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Bob Woodward's Biggest Failure: Iraq | The Nation

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Greg Mitchell

Greg Mitchell

Media, politics and culture.

Bob Woodward's Biggest Failure: Iraq

Yes, we all had some fun last week mocking Bob Woodward (and the Politico guys) for hyping that mythical “threat” from the White House. Last we checked, a horse head had not yet appeared at the bottom of Bob’s bed. And yes, he was basically wrong in blaming Obama for being the main villain in the sequester farce. But that was hardly his biggest failure. In fact, nothing in his career holds a candle to when he joined the credulous media brigade in accepting George W. Bush’s word on WMD in Iraq.

In other words, he agreed to “follow the dummy.”

While it’s true that Woodward may be (partly) known for his several books on George W. Bush and his handling of the Iraq war, with each one growing increasingly hostile. But he is rarely connected to the pre-invasion press cheerleading as it went down, partly because he was not a White House or Pentagon reporter back in early 2003. So I was a little surprised to find this nugget as I was going over my book So Wrong for So Long: How the Press, the Pundits and the President Failed on Iraq as it appeared as an updated e-book this week.

The day after Secretary of State Colin Powell’s speech before the UN Security Council Wednesday, TV commentators and newspaper editorials, and even many liberal pundits, declared their support for the Bush administration’s hard-line stance on Iraq. CNN’s Bill Schneider said that “no one” disputed Powell’s findings. Bob Woodward, asked by Larry King on CNN what happens if we go to war and don’t find any WMD, answered: “I think the chance of that happening is about zero. There’s just too much there.”

I also found this, much worse, when Howard Kurtz in 2004 belatedly did a review of The Washington Post’s deeply flawed prewar coverage: “[Bob] Woodward, for his part, said it was risky for journalists to write anything that might look silly if weapons were ultimately found in Iraq.” Woodward was managing editor at the Post and therefore influenced, and at times helped decide, the handling of some of its key coverage.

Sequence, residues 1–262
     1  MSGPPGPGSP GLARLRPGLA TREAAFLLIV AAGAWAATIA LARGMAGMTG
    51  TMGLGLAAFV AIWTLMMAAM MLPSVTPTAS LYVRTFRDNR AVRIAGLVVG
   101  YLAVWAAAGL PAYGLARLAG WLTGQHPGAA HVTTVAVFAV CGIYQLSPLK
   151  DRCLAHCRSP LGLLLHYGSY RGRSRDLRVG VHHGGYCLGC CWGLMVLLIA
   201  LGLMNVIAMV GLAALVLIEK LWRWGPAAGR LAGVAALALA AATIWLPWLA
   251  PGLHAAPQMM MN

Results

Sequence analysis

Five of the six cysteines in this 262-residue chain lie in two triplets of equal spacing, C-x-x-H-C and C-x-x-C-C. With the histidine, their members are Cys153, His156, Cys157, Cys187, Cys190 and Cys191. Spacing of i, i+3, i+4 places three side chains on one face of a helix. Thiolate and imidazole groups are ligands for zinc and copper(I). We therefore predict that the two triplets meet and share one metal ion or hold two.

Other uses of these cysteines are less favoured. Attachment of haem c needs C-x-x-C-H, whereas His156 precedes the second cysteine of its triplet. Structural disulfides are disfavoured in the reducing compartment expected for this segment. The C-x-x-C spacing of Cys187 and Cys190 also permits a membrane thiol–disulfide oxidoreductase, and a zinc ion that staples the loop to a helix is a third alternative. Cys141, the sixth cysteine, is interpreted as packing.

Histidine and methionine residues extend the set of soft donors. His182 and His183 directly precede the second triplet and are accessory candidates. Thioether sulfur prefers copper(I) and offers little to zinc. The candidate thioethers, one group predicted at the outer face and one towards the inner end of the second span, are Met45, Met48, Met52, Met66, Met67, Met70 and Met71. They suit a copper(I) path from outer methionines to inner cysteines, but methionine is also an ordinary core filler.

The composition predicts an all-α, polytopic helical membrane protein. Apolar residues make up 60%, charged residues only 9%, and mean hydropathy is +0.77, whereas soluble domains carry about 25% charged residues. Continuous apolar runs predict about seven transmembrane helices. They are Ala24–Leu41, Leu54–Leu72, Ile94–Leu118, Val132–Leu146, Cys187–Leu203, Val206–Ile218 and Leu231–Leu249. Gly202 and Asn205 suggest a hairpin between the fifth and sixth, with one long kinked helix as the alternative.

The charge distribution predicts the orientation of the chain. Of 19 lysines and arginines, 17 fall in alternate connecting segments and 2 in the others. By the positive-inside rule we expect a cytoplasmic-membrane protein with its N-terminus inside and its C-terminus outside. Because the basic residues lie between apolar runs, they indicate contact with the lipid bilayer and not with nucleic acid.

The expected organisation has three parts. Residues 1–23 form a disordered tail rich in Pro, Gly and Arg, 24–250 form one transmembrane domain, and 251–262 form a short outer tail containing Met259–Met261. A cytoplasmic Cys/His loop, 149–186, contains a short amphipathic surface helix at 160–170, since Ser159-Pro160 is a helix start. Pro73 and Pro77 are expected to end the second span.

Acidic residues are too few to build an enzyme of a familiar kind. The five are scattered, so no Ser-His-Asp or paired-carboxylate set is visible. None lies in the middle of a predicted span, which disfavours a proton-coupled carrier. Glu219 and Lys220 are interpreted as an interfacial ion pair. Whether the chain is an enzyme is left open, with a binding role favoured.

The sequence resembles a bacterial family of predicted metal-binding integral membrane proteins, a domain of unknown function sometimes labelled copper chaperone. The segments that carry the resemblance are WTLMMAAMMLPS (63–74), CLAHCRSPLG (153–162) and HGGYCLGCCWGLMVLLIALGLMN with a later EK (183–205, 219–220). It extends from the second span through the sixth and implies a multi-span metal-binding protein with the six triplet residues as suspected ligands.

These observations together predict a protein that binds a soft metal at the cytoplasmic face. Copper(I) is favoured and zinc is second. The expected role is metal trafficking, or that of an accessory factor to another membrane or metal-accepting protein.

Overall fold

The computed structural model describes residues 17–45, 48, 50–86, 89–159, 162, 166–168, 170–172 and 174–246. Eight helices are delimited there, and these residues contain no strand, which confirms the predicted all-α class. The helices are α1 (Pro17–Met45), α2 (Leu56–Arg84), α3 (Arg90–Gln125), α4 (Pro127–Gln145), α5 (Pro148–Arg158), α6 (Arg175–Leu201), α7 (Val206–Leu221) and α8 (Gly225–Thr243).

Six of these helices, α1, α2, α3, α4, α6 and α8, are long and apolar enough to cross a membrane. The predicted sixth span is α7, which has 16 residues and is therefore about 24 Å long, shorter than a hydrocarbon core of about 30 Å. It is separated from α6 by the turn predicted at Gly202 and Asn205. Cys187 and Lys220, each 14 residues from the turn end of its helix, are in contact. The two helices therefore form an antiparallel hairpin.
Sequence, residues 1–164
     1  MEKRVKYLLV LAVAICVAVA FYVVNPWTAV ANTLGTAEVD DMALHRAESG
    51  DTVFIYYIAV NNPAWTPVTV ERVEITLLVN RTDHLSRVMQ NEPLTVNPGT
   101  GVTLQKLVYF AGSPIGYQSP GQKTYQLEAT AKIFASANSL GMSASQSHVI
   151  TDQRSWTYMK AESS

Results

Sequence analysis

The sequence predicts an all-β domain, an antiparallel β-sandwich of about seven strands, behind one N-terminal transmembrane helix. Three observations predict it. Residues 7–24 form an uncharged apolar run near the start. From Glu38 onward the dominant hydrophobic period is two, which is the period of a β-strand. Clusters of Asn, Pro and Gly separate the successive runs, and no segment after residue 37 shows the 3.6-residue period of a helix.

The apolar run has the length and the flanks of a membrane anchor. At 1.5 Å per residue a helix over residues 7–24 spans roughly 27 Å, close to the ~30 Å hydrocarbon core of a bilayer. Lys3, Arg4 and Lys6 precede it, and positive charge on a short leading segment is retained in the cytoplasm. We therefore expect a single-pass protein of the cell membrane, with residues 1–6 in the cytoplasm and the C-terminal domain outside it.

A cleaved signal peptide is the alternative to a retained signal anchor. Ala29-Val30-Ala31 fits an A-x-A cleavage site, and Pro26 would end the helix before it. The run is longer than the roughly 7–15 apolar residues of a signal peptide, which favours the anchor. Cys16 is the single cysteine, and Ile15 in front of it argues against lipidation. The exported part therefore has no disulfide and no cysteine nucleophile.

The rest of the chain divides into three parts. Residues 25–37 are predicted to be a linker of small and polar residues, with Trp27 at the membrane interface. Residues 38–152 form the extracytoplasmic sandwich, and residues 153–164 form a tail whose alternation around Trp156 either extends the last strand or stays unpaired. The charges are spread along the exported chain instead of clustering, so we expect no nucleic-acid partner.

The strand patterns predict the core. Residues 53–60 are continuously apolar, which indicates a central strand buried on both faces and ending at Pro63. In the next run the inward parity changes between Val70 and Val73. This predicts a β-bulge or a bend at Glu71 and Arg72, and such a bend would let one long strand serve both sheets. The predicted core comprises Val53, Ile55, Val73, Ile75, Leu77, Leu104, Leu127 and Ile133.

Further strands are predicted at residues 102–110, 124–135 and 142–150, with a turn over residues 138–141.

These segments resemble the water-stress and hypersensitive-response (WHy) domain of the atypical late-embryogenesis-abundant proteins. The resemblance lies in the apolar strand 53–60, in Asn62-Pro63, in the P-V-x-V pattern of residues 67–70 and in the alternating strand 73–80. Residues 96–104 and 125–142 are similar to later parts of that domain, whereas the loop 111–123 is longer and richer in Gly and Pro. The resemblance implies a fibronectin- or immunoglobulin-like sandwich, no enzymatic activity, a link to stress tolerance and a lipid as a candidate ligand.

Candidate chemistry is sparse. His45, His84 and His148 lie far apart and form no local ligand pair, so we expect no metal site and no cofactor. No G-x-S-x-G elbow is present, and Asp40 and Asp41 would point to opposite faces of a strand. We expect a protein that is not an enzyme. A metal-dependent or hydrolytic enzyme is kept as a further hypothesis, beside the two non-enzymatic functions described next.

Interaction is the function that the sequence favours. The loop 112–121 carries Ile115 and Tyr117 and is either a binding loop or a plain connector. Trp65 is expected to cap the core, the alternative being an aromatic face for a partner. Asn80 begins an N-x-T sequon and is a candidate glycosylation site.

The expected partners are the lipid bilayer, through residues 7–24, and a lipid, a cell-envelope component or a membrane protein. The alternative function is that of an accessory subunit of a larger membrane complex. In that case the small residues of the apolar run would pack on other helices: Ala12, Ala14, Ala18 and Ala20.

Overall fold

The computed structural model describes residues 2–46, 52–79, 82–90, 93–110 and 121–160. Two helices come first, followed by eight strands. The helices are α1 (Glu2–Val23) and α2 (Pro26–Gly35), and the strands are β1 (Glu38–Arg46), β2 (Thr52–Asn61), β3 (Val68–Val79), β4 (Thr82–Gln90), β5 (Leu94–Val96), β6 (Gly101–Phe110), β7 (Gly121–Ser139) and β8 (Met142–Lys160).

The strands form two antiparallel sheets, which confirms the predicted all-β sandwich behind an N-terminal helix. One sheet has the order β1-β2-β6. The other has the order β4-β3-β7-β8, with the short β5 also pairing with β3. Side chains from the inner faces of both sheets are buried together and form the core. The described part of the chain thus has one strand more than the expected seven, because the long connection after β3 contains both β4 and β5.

Woodward later admitted, “I think I dropped the ball here. I should have pushed much, much harder on the skepticism about the reality of WMD.” No kidding.

Because of the notoriety surrounding Judith Miller and The New York Times’ coverage, the Post’s almost equally poor coveage and opinion pieces drew too little attention after WMD were not discovered. The Post ran Howard Kurtz’s critical August 12, 2004, piece on the front page, something it inevitably failed to do with stories skeptical of the march to war. It should also be noted that the story was solely Kurtz’s idea, although Executive Editor Leonard Downie Jr. agreed to publish it.

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By the Post’s own admission, in the months before the war, it ran more than 140 stories on its front page promoting the war, while contrary information “got lost,” as one Post staffer told Kurtz. So allow me to pursue a few points (see my book for much more on media misconduct in war coverage). First, two quotes (beyond the Woodward gem) from Post staffers that speak for themselves:

• “There was an attitude among editors: Look, we’re going to war, why do we even worry about all the contrary stuff?”—Pentagon correspondent Thomas Ricks.

 

• “We are inevitably the mouthpiece for whatever administration is in power.“—Reporter Karen DeYoung.

 

Next, consider the highly revealing excuses, offered by Post editors:

• Executive Editor Downie said experts who questioned the war wouldn’t go on record often enough. But his paper, and others, quoted unnamed pro-war sources willy-nilly.